A jury decided Monday that Scott Peterson should be executed for murdering his pregnant wife, Laci, whose Christmas Eve disappearance two years ago was the opening act in a legal drama that captivated the nation.
Cheers went up outside the courtroom as the jury announced its decision after 11 1/2 hours of deliberations over three days. The jury had two options in deciding the 32-year-old former fertilizer salesman's fate: life in prison without parole or death by injection.
Judge Alfred A. Delucchi will formally sentence Peterson on Feb. 25. The judge will have the option of reducing the sentence to life, but such a move is highly unlikely.
Peterson clenched his jaw when the verdict was read but showed no other emotion.
In arguing for death, prosecutors called Peterson "the worst kind of monster" and said he was undeserving of sympathy. The defense begged jurors to "go back there and please spare his life."
The decision came almost two years to the date after the disappearance of Laci Peterson, a 27-year-old substitute teacher who married her college sweetheart and was soon to be the proud mother of a baby boy named Conner. The story set off a tabloid frenzy as suspicion began to swirl around Scott Peterson, who claimed to have been fishing by himself on Christmas Eve and was carrying on an affair with a massage therapist at the time.
The remains of Laci and the fetus washed ashore about four months later, just a few miles from where Peterson claims to have gone fishing in San Francisco Bay. The case went to trial in June, and Peterson was convicted Nov. 12 of two counts of murder.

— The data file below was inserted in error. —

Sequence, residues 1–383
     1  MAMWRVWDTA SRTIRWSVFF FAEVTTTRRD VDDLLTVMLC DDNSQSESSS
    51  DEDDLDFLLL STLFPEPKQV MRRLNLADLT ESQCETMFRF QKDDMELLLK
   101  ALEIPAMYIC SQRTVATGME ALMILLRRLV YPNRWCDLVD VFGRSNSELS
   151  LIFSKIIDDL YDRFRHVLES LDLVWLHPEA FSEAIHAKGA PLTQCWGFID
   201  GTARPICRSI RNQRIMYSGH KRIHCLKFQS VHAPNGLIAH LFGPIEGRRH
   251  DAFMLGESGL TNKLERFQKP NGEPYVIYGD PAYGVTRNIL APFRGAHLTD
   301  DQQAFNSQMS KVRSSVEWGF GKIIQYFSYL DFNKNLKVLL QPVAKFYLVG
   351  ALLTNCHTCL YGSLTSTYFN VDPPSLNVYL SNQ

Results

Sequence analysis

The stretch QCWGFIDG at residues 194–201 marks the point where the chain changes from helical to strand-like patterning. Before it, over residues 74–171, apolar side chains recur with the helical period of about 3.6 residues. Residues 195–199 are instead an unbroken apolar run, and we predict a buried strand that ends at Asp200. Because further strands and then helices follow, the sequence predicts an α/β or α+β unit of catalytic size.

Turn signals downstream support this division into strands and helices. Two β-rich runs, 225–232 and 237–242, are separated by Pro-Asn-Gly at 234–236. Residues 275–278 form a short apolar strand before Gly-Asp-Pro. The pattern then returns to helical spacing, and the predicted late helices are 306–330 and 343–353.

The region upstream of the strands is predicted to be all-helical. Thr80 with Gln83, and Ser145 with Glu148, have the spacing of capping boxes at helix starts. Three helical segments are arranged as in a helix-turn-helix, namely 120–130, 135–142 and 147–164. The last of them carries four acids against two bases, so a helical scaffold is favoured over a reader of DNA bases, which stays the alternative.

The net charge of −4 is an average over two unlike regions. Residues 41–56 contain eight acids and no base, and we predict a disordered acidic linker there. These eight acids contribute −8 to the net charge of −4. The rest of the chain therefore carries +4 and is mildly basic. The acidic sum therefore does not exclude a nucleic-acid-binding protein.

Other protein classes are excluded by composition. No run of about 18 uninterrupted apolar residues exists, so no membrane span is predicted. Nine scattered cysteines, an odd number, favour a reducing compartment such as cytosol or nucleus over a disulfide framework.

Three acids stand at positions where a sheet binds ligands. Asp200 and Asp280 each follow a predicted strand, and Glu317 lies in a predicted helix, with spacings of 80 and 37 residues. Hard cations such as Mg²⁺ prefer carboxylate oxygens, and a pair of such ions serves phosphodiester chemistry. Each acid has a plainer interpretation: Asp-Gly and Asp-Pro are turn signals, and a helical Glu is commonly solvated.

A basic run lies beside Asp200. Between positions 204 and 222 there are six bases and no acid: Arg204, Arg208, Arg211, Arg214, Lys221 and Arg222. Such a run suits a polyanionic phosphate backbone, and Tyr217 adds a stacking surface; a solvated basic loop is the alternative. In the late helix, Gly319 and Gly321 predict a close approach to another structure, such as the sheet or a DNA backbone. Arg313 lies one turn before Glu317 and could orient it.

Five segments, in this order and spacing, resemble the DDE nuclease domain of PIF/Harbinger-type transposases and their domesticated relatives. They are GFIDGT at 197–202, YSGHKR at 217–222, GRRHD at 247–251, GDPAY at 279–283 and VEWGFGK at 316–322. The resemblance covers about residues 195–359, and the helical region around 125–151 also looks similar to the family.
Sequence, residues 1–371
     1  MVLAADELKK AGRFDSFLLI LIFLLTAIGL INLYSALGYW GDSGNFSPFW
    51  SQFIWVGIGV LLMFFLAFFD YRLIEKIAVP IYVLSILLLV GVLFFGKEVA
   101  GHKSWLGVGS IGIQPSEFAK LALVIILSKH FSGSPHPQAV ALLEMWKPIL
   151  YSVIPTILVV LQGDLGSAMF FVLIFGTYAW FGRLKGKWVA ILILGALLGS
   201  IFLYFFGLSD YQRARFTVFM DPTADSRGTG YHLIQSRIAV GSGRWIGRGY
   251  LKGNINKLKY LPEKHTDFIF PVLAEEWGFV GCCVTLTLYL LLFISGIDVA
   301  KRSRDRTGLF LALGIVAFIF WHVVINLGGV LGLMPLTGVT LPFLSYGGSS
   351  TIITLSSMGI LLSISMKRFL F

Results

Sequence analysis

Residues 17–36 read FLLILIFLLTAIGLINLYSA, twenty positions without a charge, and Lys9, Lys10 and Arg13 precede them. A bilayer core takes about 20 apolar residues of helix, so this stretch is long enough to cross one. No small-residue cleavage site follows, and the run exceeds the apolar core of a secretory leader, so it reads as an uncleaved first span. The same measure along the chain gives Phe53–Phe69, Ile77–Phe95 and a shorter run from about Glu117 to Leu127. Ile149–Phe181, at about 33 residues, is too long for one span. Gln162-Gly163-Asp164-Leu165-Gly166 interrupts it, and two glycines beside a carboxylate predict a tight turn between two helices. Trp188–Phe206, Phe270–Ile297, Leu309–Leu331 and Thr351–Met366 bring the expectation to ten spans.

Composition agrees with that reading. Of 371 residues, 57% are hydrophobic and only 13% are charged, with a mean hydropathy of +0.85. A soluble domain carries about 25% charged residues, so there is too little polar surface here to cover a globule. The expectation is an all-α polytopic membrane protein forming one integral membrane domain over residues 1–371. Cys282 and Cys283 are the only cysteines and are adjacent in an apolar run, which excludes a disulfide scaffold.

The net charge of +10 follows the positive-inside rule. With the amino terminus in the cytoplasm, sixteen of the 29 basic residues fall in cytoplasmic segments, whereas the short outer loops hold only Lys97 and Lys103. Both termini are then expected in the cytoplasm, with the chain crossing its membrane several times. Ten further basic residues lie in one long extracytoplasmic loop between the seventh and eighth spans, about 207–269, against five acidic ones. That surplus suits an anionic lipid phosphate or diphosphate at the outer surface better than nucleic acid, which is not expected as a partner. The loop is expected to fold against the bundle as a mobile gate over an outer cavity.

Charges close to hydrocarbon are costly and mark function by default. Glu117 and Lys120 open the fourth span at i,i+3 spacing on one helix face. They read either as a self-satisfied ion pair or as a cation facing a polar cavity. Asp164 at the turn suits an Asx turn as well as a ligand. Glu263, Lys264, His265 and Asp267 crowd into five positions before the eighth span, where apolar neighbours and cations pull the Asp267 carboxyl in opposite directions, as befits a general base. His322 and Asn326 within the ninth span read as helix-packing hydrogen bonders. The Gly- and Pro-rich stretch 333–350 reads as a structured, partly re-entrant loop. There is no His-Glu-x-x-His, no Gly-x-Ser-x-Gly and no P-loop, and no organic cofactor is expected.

All the while, the case never stopped making headlines.
The case graced more People magazine covers than any murder investigation in the publication's history. Court TV thrived during the case, providing countless hours of coverage on the investigation and gavel-to-gavel commentary throughout the trial. CNN's Larry King hosted show after show with pundits picking apart legal strategies, testimony and even Scott Peterson's demeanor.
Trial regulars showed up by the hundreds to participate in the daily lottery for the coveted 27 public seats inside the courtroom.
Peterson will now be sent to death row at San Quentin State Prison outside San Francisco, the infamous lockup where prisoners gaze out small cell windows overlooking the same bay where Laci Peterson's body was discarded.
Peterson still might not be executed for decades, if ever. That is because California's death row has grown to house more than 640 condemned men and women since the state brought back capital punishment in 1978. Since then, only 10 executions have been carried out. It can take years for even the first phase of the appeals process to begin.
California's last execution was on Jan. 29, 2002, when Stephen Wayne Anderson — described by supporters as the poet laureate of Death Row — was put to death by lethal injection for the Memorial Day 1980 murder of 81-year-old Elizabeth Lyman during a break-in at her home.
As many as three murderers face possible execution in 2005, said Department of Corrections spokeswoman Margot Bach.
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